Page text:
Coroner offers ‘heartfelt condolences’ after Afghan refugee dies in window fall

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A coroner has offered her condolences to the family of a five-year-old Afghan refugee who fell to his death from a hotel window, at what she said was a “truly awful time” for them.

An inquest was opened on Wednesday and heard only very brief details of how Mohammed Munib Majeedi fell from a window of the Sheffield Metropolitan Hotel and landed on the top deck of a multi-storey car park.

Assistant coroner Tanyka Rawden said in the five-minute hearing: “He was staying with his family at the Metropolitan Hotel, on Blonk Street, in Sheffield.

“He was taken by ambulance to Sheffield Children’s Hospital where he was sadly pronounced dead.”

Ms Rawden told Sheffield Coroner’s Court that Mohammed was identified by his father.

She said: “I would like to offer my heartfelt condolences to Mohammed’s family at this truly awful time.”

The coroner told the hearing that the boy was born in Afghanistan in May 2016.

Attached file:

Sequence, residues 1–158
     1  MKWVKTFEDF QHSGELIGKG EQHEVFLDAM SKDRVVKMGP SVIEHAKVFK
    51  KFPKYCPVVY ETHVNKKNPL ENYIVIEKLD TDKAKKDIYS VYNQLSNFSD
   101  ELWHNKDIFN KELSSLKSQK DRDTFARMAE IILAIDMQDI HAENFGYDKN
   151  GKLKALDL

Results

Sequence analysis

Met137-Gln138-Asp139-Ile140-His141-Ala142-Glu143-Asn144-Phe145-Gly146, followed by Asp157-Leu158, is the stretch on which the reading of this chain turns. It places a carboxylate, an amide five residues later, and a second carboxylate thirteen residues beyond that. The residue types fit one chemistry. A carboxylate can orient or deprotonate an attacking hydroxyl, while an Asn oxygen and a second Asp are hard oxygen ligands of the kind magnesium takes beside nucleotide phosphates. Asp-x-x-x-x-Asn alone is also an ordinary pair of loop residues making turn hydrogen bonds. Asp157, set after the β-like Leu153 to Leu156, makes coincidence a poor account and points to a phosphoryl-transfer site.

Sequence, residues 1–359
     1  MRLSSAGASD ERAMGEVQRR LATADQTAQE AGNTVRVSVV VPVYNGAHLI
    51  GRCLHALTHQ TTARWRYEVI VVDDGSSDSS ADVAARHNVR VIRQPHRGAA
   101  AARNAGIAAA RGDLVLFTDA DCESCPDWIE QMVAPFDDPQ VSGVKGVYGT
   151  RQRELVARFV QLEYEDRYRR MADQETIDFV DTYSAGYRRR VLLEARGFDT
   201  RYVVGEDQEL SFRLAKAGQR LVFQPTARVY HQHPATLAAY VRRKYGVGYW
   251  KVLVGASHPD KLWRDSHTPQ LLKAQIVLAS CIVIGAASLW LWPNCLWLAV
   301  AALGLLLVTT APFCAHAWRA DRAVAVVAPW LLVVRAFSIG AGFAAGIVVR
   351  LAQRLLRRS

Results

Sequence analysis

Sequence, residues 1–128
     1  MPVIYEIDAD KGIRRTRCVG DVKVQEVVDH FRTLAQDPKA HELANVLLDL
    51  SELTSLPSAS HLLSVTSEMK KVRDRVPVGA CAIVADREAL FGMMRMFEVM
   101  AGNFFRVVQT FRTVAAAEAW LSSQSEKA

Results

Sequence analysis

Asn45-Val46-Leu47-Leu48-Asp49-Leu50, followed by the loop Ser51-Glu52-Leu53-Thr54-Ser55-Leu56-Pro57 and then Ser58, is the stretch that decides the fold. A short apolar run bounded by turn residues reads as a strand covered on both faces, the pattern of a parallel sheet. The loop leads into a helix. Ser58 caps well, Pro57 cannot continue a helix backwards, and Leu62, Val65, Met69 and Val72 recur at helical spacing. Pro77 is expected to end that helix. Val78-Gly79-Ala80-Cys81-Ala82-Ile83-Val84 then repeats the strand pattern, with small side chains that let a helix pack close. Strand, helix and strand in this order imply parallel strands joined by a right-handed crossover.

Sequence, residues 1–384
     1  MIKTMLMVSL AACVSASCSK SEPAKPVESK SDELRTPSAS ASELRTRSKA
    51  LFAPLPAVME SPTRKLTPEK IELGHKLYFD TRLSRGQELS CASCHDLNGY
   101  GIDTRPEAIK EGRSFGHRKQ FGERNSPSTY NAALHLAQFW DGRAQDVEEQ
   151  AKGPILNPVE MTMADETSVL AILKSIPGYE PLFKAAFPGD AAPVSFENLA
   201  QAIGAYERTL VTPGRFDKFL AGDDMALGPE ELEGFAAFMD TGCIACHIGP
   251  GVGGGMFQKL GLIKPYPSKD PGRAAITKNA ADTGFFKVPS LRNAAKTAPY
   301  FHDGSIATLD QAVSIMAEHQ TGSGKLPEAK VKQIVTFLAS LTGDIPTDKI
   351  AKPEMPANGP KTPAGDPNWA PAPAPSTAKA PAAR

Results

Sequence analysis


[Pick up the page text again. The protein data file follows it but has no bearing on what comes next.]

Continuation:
She adjourned the inquest until a further hearing on November 16 and no further details of the incident were given.

Mohammed arrived in the UK with his family this summer.

Witnesses said the boy’s father had worked in the British Embassy in Kabul and the family came to the UK a few weeks ago, landing at Birmingham Airport, then staying in Manchester during quarantine for Covid.

People leave fall death hotel
Following the death, a number of people were seen leaving the hotel last week (Peter Byrne/PA)

It emerged last week that asylum seekers were previously removed from the hotel because it was deemed unfit for refugees to stay in.

Labour MPs in the city have demanded a “full, urgent, independent inquiry”.

The Refugee Council has also called for a review of the accommodation offered to those fleeing the Taliban.

Earlier this week, Emma Haddad, director-general of asylum and protection at the Home Office, said the boy’s family had “recently” been moved from Afghanistan by her team.

“We are all heartbroken. We have all been in tears,” Dr Haddad said.

She wrote in the Telegraph: “Many of us are also parents. We are not faceless bureaucrats with no empathy – the emotions are overwhelming us.”

Dr Haddad said her team has been working “round the clock” to provide safe refuge to people fleeing Afghanistan, and although her staff do not want to use hotels for relocation, offers of housing have not kept pace with the numbers arriving.

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